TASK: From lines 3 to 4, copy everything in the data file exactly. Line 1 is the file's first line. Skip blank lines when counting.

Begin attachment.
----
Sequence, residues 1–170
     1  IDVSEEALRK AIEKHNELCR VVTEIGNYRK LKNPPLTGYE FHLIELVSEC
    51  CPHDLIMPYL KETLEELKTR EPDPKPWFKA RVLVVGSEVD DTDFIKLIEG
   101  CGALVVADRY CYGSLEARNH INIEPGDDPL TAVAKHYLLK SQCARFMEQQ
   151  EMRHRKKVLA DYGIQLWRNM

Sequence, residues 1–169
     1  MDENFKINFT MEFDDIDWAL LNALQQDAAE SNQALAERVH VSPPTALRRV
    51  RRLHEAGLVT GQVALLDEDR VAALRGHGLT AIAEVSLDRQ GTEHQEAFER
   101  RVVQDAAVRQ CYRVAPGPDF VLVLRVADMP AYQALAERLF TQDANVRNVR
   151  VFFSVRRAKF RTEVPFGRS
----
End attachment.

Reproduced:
    51  CPHDLIMPYL KETLEELKTR EPDPKPWFKA RVLVVGSEVD DTDFIKLIEG
   101  CGALVVADRY CYGSLEARNH INIEPGDDPL TAVAKHYLLK SQCARFMEQQ